By Sherilyn Connelly
By Inkoo Kang
By Carolina del Busto
By Alan Scherstuhl
By Melissa Anderson
By Aaron Cutler
By Amy Nicholson
By Alan Scherstuhl
I can't believe that with all the money they spent on casting (Marlon Brando and Val Kilmer don't come cheap), the geniuses who remade H.G. Wells's sci-fi classic The Island of Dr. Moreau couldn't spring for some semi-realistic man-beast effects. This is the third and least satisfying Hollywood retelling of Wells's horrific story about the mad scientist experimenting with gene splicing among animals and humans. Despite all the advances in computerized animation and special effects in recent years, the latest adaption doesn't even begin to approach the scariness of 1932's Island of Lost Souls with Charles Laughton and Bela Lugosi. The creatures who inhabit this island look totally fake -- like a bunch of guys running around in cheap Halloween costumes -- and more cuddly than scary. They should have titled it Island of the Second-rate Wookies.
So many popular movies nowadays owe their success to special effects wizardry; Jurassic Park became the top-grossing film of all time not because of a compelling story line, snappy dialogue, or fully realized characters, but because its incredibly realistic dino-stars were an awesome spectacle to behold. This summer's biggest box-office hits -- Twister, Mission: Impossible, and Independence Day -- all wear their camera tricks on their sleeves. As a long-time fan and booster of more thoughtful, less technologically driven fare, I never thought the day would come when I'd wish a Hollywood movie lavished more money on its special effects. But the pathetic, fuzzy fauna frolicking amid the flora on Dr. Moreau's island look absolutely ludicrous. Imagine playing the cowardly lion from The Wizard of Oz for straight horror.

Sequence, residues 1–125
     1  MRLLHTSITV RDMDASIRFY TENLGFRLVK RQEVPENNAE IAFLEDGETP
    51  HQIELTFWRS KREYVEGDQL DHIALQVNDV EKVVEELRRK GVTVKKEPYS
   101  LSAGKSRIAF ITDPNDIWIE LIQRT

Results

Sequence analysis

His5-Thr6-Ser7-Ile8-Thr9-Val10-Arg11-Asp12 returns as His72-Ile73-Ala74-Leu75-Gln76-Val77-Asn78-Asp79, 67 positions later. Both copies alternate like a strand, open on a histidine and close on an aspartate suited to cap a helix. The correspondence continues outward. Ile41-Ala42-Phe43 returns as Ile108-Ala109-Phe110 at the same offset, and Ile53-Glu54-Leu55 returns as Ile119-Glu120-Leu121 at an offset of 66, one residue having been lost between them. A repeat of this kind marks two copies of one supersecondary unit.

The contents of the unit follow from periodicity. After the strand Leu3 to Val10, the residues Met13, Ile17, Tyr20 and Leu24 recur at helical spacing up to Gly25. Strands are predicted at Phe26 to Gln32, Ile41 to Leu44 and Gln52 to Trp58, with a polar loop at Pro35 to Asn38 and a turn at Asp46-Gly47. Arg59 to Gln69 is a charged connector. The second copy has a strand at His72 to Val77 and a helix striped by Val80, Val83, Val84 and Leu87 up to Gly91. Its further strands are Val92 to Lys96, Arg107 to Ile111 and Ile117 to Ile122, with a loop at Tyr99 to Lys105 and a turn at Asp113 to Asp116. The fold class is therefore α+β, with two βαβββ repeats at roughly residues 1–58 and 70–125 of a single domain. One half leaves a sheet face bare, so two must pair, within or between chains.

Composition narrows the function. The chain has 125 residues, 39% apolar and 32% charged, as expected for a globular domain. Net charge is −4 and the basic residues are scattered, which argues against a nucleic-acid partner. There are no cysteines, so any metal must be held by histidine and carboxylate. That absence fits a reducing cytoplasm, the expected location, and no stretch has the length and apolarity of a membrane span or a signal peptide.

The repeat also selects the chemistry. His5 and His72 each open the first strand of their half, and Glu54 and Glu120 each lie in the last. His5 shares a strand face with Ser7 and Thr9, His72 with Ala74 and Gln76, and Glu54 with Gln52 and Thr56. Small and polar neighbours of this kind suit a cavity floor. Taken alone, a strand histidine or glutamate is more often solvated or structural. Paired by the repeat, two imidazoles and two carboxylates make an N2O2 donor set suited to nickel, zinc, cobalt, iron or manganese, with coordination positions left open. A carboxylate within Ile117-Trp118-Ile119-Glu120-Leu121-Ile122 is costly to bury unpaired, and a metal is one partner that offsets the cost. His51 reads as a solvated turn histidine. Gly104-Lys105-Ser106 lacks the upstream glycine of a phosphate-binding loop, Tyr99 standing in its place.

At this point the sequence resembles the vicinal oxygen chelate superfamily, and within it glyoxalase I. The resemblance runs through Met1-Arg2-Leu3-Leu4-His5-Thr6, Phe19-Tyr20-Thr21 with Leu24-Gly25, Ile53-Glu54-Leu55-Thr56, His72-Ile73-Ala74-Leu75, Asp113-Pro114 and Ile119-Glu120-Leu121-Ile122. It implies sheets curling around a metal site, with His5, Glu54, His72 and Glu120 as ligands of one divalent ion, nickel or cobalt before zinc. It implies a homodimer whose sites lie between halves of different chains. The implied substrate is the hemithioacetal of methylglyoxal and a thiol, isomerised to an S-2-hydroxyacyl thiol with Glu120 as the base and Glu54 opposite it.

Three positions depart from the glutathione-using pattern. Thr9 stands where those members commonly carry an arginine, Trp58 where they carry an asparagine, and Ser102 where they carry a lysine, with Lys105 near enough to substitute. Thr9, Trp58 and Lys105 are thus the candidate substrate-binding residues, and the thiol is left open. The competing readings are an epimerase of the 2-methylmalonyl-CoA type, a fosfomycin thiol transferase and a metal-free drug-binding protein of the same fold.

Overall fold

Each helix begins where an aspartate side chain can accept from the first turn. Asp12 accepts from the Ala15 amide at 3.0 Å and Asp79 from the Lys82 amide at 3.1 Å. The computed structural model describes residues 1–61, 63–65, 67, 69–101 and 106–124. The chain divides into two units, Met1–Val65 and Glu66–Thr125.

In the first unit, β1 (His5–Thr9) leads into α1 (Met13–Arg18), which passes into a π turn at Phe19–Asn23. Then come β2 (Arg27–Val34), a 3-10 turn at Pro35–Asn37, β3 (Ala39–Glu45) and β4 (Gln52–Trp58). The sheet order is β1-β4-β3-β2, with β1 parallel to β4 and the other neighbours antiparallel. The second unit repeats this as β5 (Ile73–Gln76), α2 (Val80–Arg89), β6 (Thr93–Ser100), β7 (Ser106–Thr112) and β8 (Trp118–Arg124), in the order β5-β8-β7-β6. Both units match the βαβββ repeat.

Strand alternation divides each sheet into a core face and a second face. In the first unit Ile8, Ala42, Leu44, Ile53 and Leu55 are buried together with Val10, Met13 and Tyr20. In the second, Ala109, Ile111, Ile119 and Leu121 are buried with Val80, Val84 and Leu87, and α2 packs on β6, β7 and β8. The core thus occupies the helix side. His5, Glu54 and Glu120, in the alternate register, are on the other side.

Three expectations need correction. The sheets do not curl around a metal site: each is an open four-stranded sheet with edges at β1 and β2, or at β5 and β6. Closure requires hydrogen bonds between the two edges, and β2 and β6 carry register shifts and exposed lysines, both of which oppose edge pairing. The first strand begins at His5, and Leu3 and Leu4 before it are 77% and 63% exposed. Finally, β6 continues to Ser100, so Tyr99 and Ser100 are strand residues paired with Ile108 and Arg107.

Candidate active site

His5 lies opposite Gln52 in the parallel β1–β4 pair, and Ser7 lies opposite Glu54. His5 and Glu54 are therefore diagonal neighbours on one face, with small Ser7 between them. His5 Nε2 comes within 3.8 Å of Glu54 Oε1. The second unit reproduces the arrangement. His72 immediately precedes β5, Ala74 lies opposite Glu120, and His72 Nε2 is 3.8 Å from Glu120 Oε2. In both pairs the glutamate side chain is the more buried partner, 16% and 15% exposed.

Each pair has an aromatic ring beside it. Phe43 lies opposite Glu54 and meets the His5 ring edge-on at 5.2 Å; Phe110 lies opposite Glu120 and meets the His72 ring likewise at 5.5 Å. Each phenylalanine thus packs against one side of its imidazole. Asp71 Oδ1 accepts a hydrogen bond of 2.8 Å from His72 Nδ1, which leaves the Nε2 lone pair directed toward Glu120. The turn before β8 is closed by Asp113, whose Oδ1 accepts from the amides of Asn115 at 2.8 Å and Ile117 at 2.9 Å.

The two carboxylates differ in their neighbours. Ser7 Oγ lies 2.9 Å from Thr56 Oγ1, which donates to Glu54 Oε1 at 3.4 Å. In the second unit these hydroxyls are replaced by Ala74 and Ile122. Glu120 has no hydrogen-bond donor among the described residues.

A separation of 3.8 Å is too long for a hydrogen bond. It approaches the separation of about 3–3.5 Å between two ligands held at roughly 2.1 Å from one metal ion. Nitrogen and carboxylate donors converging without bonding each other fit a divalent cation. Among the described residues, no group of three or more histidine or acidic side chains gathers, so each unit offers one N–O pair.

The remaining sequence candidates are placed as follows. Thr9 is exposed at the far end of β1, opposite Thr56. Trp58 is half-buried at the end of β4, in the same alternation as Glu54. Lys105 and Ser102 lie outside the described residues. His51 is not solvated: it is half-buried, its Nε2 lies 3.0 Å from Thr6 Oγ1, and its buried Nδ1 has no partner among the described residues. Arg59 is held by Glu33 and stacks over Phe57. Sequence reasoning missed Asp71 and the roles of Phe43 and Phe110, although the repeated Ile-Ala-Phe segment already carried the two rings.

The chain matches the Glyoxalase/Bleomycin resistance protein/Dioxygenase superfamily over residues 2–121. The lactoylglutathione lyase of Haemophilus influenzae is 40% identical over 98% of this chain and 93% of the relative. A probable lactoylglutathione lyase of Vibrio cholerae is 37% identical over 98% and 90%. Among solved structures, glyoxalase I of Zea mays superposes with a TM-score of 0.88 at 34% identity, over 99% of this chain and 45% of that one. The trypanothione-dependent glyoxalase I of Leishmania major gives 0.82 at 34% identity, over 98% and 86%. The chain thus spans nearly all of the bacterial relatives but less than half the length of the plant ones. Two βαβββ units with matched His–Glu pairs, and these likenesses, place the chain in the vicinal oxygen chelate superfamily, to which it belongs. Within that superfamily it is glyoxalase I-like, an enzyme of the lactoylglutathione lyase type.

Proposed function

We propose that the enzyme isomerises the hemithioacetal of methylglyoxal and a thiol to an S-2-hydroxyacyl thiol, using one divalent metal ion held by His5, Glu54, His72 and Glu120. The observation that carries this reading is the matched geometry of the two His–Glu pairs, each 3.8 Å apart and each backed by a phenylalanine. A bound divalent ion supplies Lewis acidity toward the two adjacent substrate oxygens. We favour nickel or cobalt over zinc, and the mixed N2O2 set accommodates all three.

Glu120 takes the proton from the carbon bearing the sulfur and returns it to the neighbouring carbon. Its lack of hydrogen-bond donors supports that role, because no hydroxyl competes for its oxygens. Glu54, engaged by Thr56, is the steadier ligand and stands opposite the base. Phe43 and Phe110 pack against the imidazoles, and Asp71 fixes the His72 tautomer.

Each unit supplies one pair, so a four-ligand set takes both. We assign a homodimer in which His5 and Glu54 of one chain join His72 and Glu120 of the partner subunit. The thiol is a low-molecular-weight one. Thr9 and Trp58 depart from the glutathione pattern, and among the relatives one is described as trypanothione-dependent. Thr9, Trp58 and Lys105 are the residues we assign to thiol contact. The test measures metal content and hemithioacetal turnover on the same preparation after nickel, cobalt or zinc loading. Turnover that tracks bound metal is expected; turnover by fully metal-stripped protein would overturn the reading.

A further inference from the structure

What a shame. And a waste; Brando's Dr. Moreau and David Thewlis's unsuspecting shipwreck survivor are inspired characterizations (after all, who better than Tahitian heavyweight Brando to play a nut running amok on an atoll in the South Pacific?). Brando seems totally at ease despite a British accent and some fake buck teeth that look like they were handed down from Jerry Lewis's Nutty Professor. I didn't know what to make of Val Kilmer as Moreau's trippy assistant Montgomery; I'm pretty sure Wells's Montgomery didn't drop acid or listen to Hendrix on a Walkman. At least Kilmer wasn't boring. And his Brando impersonation toward the end of the film is a hoot.
The movie could have been big fun -- alternately spooky and darkly humorous in an An American Werewolf in London meets Apocalypse Now kind of way -- if only the FX guys had held up their end of the bargain. But the critters here make the talking pseudo-simians from 1968's Planet of the Apes look sophisticated by comparison, and sink this Island despite the best efforts of its talented, eccentric cast to keep it afloat.
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